Appeal, No. 278, Oct. T., 1959, from judgment of Court of Quarter Sessions of Philadelphia County, July T., 1958, No. 531, in case of Commonwealth of Pennsylvania v. Rose Polite. Judgment affirmed.
Harry R. Back, for appellant.
Juanita Kidd Stout, Assistant District Attorney, with her Victor H. Blanc, District Attorney, for appellee.
Before Rhodes, P.j., Wright, Woodside, Ervin, and Watkins, JJ. (hirt and Gunther, JJ., absent).
[ 190 Pa. Super. Page 331]
The defendant, Rose Polite, was tried by a judge without a jury and convicted on an indictment charging her with setting up and being concerned in the conduct and carrying on of an illegal lottery; with having in her possession a lottery numbers ticket or writing; and with unlawfully selling lottery numbers tickets or writings.She was sentenced to a term of not less than three months and not more than six months in the Philadelphia County Prison.
This appeal is from the judgment of sentence and concerns the nature and sufficiency of the evidence to sustain the conviction.
The evidence viewed consistent with and favorable to the verdict established the following facts and circumstances. On May 20, 1958, the police found defendant in a luncheonette which was being investigated for numbers activity because of a complaint. Defendant was briefly questioned and then, with another occupant of the luncheonette, was taken in a police car from the luncheonette to police headquarters for further investigation. During the ride defendant and the other occupant were seated in the back seat of the police car. The front seat was occupied by the driver and by a police officer, Bresnahan, who was observing the occupants in the rear seat. During the course of the ride Bresnahan saw the defendant slip something shiny between the curved part of the rear seat and the back of the rear seat. He evidenced no immediate reaction, but when the passengers were discharged at the police station he lifted the seat and found a piece of tin foil in which was wrapped a sheet of paper, torn on one edge and upon which numbers were written, together with two one-dollar bills and two fifty-cent pieces. When confronted with this evidence, defendant denied slipping the paper between the seat, stated that she had "nothing to hide," and suggested that the police search her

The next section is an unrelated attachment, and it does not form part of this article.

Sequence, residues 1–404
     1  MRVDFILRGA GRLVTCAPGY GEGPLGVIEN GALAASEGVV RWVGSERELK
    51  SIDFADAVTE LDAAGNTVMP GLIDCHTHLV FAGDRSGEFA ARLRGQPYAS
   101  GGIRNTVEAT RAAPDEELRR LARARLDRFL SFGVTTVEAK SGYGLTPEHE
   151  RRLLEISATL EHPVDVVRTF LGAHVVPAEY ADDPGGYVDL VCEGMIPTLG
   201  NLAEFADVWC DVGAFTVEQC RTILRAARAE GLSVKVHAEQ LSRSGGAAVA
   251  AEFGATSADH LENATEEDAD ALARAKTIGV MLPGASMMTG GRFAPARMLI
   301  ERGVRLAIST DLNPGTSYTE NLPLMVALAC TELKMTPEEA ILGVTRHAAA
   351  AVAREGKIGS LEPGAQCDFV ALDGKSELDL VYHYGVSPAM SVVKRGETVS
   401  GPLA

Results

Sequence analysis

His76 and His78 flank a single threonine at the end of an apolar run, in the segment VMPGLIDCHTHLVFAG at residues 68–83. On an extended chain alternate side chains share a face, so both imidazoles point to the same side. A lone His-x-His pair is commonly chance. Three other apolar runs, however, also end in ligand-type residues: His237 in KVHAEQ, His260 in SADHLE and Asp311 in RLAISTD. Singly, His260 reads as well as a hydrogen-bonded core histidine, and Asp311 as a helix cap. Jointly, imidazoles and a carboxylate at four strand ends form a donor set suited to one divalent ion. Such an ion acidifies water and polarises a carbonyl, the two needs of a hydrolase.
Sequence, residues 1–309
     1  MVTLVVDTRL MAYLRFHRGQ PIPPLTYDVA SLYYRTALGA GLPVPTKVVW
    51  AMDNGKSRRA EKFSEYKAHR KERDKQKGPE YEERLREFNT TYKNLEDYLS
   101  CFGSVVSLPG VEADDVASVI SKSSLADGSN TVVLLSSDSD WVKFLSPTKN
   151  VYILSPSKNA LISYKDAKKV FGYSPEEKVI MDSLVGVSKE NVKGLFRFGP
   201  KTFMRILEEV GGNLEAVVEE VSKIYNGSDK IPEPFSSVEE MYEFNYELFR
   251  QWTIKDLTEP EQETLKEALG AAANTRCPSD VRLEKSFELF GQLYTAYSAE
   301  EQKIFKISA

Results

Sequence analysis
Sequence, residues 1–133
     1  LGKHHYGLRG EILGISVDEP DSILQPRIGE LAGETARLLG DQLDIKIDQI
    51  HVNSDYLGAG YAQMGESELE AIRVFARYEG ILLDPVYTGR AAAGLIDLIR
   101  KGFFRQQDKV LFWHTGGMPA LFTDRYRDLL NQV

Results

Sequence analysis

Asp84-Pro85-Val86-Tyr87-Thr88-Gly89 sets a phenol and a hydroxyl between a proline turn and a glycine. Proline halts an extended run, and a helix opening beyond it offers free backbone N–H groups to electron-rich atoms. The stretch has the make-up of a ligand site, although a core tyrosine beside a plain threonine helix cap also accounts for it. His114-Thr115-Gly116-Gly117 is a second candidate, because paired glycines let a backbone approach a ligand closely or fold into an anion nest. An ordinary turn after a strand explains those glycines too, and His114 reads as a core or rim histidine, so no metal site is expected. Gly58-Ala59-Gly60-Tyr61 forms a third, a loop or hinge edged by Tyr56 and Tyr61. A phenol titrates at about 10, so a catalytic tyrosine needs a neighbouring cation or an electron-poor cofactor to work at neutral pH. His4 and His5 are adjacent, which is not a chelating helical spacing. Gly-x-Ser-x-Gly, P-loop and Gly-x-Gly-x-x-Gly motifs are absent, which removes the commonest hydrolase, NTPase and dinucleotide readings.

[ 190 Pa. Super. Page 332]
home. That invitation was accepted. In the home of the defendant, the police found a piece of paper with a torn edge which matched the paper found in the police car. In addition to the matching edge, both pieces of paper had mimeographing of the same type on the reverse side and both were of the same texture and contained the date of May 16th.
As the court below concluded: "It was thus clear that the paper found in the defendant's home and the paper found in the tin foil had been one and the same sheet before being torn." Defendant's denial of having slipped the tin foil, paper, and money behind the seat of the police car is thus contradicted by the evidence.
The numbers written upon the paper secreted by defendant were of the type normally used in the numbers racket. There were twenty-three groups of numbers, each consisting of three digits, a dash, then two digits, i.e., "000-15." The first three ...